Released: 12th March
Seen: 6th May
Films, in general, are full of tropes. Some hide them better than others but every film has them. The trick is to either hide them well enough behind interesting characters and dialogue that no one cares or to find ways to subvert them or put them together in new and interesting ways. Then there’s the films that don’t even bother to try and hide their tropes and just hope you’re stupid enough to enjoy them. Yes Day is kind of the queen of trope films for 2021 and unfortunately for it, I’m not as stupid as I look.
Yes Day features very basic parents, Allison Torres (Jennifer Garner) and Carlos Torres (Edgar Ramirez). They have very normal relationships with their kids, they don’t let them do stupid things and say no to things that all good parents would say no to… this of course gets them literally compared to Hitler and Stalin so the two of them decide to try and give their kids something known as a Yes Day.
A Yes Day, in this context, means that anything that the kids ask for the parents have to say yes to (within reasons, the kids can’t ask to murder someone even though that would actually make for a more interesting film) which of course ends in a bunch of assorted games that involve mess, foam, water balloon fights and eventually an important lesson about responsibility that will be learned provided the audience stays awake until the end.
It’s almost funny just seeing how similar Yes Day is to so many other kids films, from the father with an unspecified job in tech that constantly has him on a phone, to the overbearing mother who used to be fun but isn’t because she had kids, to the three annoying kids who are either too old to need their parents (until they absolutely need them), the middle child who is seriously into science (until that interest backfires) and the youngest who is there to say cute things and adds nothing to the story other than existing. If you’ve seen enough of these (I’d say 3 family films will do the job) you can easily call every conflict and joke about 10 minutes before it happens.
There’s just no actual substance here, Yes Day inoffensively blends in with everything surrounding it. That kind of makes sense considering the director is mostly known for his work in TV, that thing that doesn’t encourage directors to show any personality but requires them to basically be indistinguishable from those who directed the episode before and after them. This same director did last year’s big inoffensive comedy Like a Boss which doesn’t shock me, except this time he doesn’t have Billy Porter to liven things up.
That’s not to say the acting is bad, honestly everyone is kind of just fine. Jennifer Garner is certainly trying her best to give Yes Day some energy and Edgar Ramirez is just so damn likeable that it barely matters that he does almost nothing in the film… but there’s no standout performances, no lines made better because of the delivery. If you had this same script delivered by a set of monotone robots there would be no change in how many laughs you would get. The film just kind of keeps happening, hoping you’ll laugh at the concept of characters getting wet or really needing to poop.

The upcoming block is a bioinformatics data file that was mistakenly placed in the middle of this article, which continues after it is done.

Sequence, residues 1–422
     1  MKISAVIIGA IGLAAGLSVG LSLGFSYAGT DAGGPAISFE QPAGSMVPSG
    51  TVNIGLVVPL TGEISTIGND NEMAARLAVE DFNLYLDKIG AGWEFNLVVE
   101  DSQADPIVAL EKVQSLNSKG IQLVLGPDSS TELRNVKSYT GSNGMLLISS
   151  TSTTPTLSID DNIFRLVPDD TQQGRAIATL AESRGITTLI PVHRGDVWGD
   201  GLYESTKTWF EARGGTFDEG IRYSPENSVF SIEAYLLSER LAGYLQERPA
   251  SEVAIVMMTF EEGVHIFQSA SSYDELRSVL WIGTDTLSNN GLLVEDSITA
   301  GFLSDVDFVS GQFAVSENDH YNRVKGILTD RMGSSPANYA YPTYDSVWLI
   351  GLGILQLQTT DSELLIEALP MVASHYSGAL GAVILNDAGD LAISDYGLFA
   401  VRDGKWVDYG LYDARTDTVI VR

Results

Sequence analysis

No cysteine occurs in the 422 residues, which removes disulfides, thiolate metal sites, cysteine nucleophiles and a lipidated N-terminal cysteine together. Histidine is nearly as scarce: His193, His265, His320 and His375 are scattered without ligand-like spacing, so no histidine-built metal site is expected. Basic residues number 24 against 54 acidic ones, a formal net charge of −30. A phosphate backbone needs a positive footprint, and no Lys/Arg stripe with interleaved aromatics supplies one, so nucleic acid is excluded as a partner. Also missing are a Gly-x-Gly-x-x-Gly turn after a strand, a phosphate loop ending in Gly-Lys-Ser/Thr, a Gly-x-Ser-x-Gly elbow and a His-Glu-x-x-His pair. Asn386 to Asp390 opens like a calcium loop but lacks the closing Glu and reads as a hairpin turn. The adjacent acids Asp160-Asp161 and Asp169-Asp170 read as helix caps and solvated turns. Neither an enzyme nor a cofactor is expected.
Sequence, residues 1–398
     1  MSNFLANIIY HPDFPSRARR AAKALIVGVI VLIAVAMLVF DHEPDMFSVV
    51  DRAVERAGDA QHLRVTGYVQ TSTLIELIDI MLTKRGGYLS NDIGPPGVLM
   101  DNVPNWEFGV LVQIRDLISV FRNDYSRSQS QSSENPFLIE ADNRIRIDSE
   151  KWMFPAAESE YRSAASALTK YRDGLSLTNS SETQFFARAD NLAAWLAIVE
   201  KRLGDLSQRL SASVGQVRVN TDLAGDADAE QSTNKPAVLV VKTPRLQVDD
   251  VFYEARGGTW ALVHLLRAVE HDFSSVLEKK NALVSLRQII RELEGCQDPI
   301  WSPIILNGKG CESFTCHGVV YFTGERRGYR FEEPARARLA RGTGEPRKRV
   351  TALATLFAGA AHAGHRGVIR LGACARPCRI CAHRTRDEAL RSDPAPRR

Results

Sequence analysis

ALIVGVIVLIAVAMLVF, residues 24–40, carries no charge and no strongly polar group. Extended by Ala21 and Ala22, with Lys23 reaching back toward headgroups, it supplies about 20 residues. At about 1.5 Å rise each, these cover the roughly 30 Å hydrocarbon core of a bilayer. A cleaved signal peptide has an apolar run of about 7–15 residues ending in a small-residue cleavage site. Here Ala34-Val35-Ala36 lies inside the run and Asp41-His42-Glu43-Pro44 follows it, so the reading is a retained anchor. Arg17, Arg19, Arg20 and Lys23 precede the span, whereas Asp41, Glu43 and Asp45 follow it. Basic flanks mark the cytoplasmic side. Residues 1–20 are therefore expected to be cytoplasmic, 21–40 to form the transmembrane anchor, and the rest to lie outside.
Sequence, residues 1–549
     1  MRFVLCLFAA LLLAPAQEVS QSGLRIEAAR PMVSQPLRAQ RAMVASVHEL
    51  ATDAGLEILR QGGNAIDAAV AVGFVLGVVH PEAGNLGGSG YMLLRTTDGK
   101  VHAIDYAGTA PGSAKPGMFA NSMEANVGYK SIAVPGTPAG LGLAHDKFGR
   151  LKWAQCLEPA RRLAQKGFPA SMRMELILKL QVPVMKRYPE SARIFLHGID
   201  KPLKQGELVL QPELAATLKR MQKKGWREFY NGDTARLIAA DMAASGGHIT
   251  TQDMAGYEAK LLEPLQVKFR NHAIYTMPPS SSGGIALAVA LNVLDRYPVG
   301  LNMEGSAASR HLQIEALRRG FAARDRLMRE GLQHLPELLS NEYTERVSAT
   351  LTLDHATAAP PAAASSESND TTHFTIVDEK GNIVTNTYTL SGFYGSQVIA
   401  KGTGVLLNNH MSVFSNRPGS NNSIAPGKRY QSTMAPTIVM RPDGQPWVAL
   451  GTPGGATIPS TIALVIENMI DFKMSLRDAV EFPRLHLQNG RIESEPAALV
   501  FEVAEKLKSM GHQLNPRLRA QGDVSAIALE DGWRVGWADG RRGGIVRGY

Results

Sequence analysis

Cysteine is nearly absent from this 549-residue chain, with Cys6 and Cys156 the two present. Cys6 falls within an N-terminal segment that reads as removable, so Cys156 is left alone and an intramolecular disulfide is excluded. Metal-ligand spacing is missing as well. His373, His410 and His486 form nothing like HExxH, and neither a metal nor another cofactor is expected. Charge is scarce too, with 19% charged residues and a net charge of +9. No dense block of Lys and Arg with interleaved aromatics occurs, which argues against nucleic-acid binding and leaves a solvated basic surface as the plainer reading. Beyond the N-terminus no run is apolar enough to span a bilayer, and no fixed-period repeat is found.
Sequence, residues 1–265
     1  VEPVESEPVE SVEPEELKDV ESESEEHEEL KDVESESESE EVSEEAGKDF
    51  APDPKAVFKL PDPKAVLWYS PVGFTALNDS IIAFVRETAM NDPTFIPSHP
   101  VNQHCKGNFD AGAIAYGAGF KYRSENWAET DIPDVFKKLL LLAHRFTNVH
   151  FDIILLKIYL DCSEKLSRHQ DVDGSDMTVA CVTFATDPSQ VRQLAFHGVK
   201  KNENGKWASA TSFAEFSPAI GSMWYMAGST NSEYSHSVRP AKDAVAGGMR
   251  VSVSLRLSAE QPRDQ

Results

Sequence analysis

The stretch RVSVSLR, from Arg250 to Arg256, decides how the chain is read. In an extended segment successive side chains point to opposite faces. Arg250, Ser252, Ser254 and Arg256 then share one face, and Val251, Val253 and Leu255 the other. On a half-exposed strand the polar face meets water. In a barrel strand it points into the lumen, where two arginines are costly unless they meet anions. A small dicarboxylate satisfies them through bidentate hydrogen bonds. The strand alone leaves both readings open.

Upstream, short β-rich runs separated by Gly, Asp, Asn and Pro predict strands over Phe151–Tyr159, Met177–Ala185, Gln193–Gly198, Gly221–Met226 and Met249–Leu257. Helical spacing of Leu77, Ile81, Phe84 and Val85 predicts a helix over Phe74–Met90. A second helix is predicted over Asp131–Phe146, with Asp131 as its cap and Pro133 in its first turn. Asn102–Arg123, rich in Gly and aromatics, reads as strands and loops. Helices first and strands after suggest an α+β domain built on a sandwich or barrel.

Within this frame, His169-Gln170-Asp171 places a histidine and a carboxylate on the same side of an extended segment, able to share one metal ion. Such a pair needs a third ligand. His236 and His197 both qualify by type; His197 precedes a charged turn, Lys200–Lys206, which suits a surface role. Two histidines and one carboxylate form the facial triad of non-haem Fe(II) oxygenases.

The bulk of Yes Day is focussed around this list of things the kids want to do. This list includes eat a very expensive ice cream in under a half hour because then it’s free, go through a carwash with the windows rolled down, a giant water balloon fight crossed with capture the flag, putt putt golf (which is turned into “Go to Six Flags Magic Mountain” for no apparent reason) and throw a giant party. If they fail to do all 5 of these things, the eldest daughter gets to go to a concert on her own and but if all 5 of those are done the eldest daughter STILL gets to go to the concert but with her mom in tow… anyone else catch how boring and bland that is?
None of the things that they are obliged to say yes to are particularly dangerous or funny or interesting. With maybe the exception of the car wash with the windows rolled down all of that just sounds like an above average birthday celebration for a 16 year old, there’s nothing here that’s pushing a boundary of any kind or even that interesting. It kinda feels like this is a super cheap TV movie that built its plot around what company would give them money in exchange for being one of the big 5 activities, which I want to assume it’s not but I also can’t think of a better reason why the Magic Mountain stuff is in there.
Even things that could add actual conflict don’t really matter. There’s a semi-subplot right at the beginning where the dad character has a problem at work that he needs to call in about… never comes up again after the water balloon fight sequence. There’s a point where they seem to leave their car at one of the locations, this is also never a serious issue because for some reason several emergency vehicle operators have time to give this family a ride anywhere they need to go. Any conflict is just kind of dropped or pushed aside so we can get to the next allegedly interesting thing that needs to be done on this day.
Yes Day is a film that isn’t bad, but it lacks anything good. It’s perfect neutral, a glass of water and a slice of unbuttered bread that somehow got turned into a film. It will technically sustain you but it won’t excite you and you could do much better. It’s not good, it’s not bad, it’s just nice… and nice is me being very charitable because I wasn’t being actively annoyed.